From Point A to B, Wayfinding Tech Moves Indoors
Did walking into a building ever bring you to a halt as you gaped at the scope of the space? We had that feeling the first time walking into a train station in Japan. It’s easy to feel like a tiny ant when walking into these massive structures. Once the wonder wears off, the next question is, “how do I get from here to my store?” More large spaces, like retail malls, entertainment districts, and medical complexes, are applying the same wayfinding tech we use to navigate city blocks to improving the customer experience.
Companies are using mobile apps or on-location touch screens to help people navigate to their destination. Take Gatwick Airport in London as a prime example. Marrying wayfinding with augmented reality, its app navigates users around the space using directional arrows overlaid virtually in the airport. In Minnesota, the Mayo Clinic has 59 different buildings with interconnected pedestrian walkways, creating a maze for patients, families, and medical personnel. The Mayo Clinic Patient app applies the same wayfinding principles to help clients find their way to appointments and amenities.
How does Interior Wayfinding Work?
The simplest form of interior wayfinding uses touchscreen panels routinely located throughout a space. The customer can type in their search query, find the service they seek and get directions. This method relies on the customer to stand before the screen and to recall directions.
A more sophisticated method relies on Bluetooth technology. Thanks to the Internet of Things (IoT), developers and building managers can deploy a network of sensors to run a wayfinding program. The Bluetooth tech to “pings” off a user’s smartphone, providing their location information. This tech could support push marketing messages and offers based on a user’s proximity in a space.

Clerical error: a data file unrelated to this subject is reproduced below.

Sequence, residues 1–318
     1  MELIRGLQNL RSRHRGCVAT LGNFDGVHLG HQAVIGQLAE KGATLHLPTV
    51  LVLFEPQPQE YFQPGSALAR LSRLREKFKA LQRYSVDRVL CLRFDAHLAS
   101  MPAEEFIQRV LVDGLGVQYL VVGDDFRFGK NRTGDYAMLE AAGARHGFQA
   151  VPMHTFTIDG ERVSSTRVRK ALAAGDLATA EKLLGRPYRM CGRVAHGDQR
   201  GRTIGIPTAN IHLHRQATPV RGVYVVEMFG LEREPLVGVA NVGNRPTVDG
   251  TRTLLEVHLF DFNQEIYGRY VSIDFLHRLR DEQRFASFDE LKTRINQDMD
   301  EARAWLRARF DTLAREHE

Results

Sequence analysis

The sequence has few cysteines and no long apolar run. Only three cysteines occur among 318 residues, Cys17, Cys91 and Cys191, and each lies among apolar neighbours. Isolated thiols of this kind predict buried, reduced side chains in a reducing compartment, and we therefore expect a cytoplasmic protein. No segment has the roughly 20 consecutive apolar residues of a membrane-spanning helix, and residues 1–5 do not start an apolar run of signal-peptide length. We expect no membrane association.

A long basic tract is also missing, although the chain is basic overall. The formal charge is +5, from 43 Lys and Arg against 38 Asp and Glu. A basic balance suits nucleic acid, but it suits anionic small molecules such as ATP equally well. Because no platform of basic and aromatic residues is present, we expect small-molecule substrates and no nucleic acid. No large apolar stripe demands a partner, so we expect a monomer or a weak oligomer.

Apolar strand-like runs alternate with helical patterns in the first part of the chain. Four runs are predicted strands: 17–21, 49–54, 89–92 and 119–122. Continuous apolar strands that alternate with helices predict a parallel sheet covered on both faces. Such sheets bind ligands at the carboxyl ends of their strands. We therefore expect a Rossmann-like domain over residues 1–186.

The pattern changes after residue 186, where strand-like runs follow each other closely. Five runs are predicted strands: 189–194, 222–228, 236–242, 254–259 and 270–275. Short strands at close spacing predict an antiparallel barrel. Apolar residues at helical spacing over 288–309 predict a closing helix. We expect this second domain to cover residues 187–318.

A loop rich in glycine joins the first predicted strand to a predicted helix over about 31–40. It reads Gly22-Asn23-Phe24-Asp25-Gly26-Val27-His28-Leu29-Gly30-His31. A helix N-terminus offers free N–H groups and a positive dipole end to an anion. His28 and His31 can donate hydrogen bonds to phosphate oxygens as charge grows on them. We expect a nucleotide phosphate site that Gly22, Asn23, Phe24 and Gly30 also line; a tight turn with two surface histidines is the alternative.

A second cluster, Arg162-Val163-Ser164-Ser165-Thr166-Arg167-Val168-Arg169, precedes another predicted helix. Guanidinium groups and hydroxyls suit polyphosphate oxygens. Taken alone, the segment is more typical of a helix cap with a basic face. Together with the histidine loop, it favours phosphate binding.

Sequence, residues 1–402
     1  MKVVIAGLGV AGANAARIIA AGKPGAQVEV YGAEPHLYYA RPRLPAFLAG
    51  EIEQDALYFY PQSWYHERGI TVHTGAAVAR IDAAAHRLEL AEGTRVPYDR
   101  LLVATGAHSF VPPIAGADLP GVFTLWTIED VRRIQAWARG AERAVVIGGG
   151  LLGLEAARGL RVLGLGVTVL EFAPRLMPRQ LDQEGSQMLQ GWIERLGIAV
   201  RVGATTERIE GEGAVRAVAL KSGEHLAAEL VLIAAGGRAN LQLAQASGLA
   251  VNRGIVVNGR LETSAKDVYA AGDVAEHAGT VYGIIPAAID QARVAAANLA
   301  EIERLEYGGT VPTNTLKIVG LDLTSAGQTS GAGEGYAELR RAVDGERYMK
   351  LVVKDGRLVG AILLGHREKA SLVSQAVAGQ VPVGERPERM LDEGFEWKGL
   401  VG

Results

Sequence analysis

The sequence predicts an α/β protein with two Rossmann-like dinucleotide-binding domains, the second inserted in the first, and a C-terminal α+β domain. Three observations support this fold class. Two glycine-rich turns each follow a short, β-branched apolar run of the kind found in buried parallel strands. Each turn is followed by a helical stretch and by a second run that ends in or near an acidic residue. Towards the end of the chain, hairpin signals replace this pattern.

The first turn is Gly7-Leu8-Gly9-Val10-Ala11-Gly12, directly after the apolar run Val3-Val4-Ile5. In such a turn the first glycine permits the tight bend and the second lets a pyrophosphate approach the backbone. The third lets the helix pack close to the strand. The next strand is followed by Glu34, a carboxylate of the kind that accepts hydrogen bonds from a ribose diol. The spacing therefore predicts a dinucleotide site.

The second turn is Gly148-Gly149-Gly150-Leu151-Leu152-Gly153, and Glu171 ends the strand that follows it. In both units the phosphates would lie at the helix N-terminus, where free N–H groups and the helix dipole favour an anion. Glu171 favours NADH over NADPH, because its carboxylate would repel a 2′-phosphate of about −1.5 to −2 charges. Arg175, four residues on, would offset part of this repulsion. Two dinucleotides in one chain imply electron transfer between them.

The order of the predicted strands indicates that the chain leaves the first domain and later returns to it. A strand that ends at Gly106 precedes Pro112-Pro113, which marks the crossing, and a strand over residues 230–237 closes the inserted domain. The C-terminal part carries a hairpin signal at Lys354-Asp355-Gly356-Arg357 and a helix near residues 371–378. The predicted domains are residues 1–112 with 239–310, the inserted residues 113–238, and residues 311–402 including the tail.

Wayfinding Benefits from IoT technology
Besides navigation, wayfinding helps retailers track how customers move through the store, creating more efficient spaces and anticipating customer needs. Retailers gain insights into which products to place together to optimize a sale. Companies like InnerSpace apply WiFi and BLE to create spatial analytics and interior mapping. They track customer movement and identify how consumers move through a space.
Another benefit to using a Bluetooth sensor network allows brands with mobile apps to deliver hyperlocal content in store. When a consumer is on the app and standing in front of a particular product, the app can share product reviews or the consumer can push a button request sales assistance. Paired with geofencing, the same technology can share when the client is near a product they’ve tagged in the mobile app. Based on the user’s location, the wayfinding can push alerts and customized deals thanks to geotargeting technology.
Wayfinding applications, combined with RFID and inventory tracking, is capable of providing turn-by-turn directions to find the product they’re looking for. At the very least, it can mark the desired item on a floor map on their smartphone. When the store is slammed, and the customer has a question, there’s no need to wait for a customer associate to become free.
Today’s commercial spaces can span city blocks. How does a customer who’s looking for a specific store navigate from where they’re parked to its location? With interior wayfinding. This customer service advancement is quickly becoming helpful in hospitals, useful in crowded airports, and keeping shoppers in malls.
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